Maps, Maps, Maps! Focus on Regions & Single-Origin Teas

Tuesday, February 6th, 2018

Clickable map of Chinese provinces; provinces that produce tea or herbs used in herbal tea are highlighted in green.
One of the most exciting improvements we have made to the site lately is our development of interactive maps. Part of the goal and mission of our site is to help people learn about where their tea comes from, and to encourage people to explore single-origin artisan teas. Maps are a key part of this mission: they help make the regions that produce tea seem more real and relevant to tea drinkers.

Our old map on the Region page was not clickable, and the pages on specific regions had only small thumbnail maps in the corner of the page. Many subregions lacked maps entirely.

Now our world map is interactive, with countries that produce tea or herbal tea listed on our site being clickable. If viewed on desktop, hovering your mouse over a country will show its name.

Our pages on China, India, Japan, Sri Lanka (Ceylon), Taiwan, Kenya, South Korea, the United States, and even Indonesia all now have clickable, interactive maps of states, provinces, or prefectures. In some cases, we have even created detailed, original maps for subregions, individual districts or counties of various tea-producing regions. Probably our biggest accomplishment is in Assam, where we now have pages on 18 subdistricts of Assam. To our knowledge we are the only tea website offering this level of detail. Other notable pages include Yunnan and Fujian provinces in China. We plan to add more maps on an ongoing basis, but we already have a core of maps covering most of the more important regions.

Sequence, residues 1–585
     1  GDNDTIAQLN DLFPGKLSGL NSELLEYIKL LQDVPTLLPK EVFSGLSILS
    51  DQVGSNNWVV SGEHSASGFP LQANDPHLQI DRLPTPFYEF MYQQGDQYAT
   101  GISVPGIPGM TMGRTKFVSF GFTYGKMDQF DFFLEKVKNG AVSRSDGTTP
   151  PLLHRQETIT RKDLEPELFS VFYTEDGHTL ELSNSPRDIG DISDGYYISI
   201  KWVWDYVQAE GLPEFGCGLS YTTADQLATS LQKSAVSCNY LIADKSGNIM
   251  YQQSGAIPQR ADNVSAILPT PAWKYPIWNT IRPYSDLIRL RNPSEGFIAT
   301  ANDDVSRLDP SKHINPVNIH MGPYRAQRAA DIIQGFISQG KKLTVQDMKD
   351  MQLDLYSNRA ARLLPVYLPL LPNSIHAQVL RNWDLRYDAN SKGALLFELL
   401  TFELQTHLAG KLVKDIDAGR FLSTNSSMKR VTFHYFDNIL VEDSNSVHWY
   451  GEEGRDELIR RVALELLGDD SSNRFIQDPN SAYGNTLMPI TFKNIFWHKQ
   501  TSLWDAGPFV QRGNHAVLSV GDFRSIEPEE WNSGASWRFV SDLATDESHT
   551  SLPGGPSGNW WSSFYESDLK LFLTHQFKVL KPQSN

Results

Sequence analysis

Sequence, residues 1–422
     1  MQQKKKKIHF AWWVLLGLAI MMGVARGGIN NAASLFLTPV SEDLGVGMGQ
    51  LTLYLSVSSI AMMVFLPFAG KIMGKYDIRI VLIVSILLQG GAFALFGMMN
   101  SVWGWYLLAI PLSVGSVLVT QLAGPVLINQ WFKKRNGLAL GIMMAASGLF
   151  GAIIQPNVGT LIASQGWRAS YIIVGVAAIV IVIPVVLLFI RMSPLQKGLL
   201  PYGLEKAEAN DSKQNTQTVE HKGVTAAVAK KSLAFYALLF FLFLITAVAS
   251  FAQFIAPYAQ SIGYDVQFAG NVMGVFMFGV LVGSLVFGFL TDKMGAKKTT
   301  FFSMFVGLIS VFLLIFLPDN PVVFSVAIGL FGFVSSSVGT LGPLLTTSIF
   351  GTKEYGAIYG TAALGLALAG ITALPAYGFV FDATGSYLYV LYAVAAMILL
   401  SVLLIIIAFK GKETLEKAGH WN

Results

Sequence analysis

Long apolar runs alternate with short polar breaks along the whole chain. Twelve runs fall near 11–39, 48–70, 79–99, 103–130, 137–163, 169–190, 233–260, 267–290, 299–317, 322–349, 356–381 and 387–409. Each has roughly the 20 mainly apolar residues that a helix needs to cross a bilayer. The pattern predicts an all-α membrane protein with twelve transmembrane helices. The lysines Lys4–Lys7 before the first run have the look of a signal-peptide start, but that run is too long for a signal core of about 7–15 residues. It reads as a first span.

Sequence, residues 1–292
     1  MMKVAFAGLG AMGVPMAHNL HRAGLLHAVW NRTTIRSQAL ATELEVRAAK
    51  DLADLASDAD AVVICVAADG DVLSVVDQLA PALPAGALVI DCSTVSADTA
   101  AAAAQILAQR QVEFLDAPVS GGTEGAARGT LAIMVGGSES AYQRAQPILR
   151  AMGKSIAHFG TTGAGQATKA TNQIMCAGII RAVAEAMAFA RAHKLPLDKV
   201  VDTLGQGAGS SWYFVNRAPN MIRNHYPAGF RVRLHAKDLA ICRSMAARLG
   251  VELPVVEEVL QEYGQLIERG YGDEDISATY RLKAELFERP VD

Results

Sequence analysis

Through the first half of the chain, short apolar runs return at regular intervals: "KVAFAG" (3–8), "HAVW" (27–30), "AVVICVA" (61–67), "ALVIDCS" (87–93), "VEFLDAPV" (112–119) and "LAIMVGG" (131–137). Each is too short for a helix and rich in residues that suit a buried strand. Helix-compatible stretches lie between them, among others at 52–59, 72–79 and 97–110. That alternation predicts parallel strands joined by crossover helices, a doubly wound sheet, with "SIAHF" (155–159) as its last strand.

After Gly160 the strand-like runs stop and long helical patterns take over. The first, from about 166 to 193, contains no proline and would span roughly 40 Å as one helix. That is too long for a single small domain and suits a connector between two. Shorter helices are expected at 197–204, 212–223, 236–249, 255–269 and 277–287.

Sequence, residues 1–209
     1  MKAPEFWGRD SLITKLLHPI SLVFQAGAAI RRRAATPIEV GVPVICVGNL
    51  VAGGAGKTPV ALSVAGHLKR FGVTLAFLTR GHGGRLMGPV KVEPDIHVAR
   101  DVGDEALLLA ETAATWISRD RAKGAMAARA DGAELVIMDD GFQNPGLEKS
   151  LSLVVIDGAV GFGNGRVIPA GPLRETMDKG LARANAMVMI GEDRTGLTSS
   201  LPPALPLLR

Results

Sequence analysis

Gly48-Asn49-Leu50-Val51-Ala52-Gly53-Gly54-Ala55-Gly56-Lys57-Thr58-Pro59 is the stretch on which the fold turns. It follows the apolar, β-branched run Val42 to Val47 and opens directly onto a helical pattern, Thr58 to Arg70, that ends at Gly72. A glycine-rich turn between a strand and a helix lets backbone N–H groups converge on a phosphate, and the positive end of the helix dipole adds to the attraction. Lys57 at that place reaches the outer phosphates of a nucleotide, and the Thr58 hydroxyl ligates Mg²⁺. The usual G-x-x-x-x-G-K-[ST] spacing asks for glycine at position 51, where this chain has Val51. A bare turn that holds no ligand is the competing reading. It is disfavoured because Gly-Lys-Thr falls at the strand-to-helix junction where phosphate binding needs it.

Another way we made our site easier to navigate is by tweaking the breadcrumb navigation, those little links at the top of each page, just under the site's header. These links now show the full chain of subregions, for example, the page on Huangshan now shows:

Home » Tea-Producing Regions » China » Anhui » Huangshan

These links both help people see how the different tea-producing regions relate to each other, and can also help people to understand our website and navigate it more easily.

Why is all this important?

There are two main reasons to focus on single-origin teas and learn about where they are produced. One is for yourself, and the other is for the people who produce these teas.

For you: deepen your experience of tea

When you try teas from different regions, you both get to sample teas produced in different ways, due to different local techniques and traditions, and you also get to taste the influence of local geographic variability on the tea's flavor. This helps to develop your palate and makes it more likely that you will discover teas you really enjoy. It also helps you to be more informed when reading tea company marketing material, so you can make better buying decisions.

We hope that our pages on tea-producing regions can both help you to learn more about the teas you already drink, and locate more of the teas you like most, and buy them for a reasonable price.